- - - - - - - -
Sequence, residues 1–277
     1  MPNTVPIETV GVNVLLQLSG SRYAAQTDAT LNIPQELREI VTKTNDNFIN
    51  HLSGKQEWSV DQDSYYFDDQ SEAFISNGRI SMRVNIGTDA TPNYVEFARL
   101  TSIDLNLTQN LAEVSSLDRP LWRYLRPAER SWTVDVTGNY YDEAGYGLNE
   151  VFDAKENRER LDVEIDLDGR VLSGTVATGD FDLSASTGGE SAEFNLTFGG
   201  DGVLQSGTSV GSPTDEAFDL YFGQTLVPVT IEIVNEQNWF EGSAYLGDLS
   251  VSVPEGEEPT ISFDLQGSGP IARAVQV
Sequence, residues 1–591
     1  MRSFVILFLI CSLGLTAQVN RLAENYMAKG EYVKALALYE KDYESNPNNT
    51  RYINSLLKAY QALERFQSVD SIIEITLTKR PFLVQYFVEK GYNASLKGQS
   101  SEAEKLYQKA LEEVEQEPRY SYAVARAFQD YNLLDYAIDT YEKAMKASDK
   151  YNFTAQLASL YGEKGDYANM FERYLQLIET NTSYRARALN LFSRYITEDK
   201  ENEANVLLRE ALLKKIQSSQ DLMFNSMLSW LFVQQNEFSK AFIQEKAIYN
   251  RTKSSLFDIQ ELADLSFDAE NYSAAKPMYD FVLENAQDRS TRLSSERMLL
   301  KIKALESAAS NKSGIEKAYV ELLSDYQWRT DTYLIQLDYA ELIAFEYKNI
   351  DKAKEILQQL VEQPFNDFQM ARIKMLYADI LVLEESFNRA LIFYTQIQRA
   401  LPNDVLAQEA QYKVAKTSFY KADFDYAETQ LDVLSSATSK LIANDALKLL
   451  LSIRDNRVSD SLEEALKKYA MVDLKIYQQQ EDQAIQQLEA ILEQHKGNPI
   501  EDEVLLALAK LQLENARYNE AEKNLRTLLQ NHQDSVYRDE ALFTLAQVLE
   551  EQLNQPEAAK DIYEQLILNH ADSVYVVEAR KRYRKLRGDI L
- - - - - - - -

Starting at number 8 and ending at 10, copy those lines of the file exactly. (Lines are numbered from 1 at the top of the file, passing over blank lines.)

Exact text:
Sequence, residues 1–591
     1  MRSFVILFLI CSLGLTAQVN RLAENYMAKG EYVKALALYE KDYESNPNNT
    51  RYINSLLKAY QALERFQSVD SIIEITLTKR PFLVQYFVEK GYNASLKGQS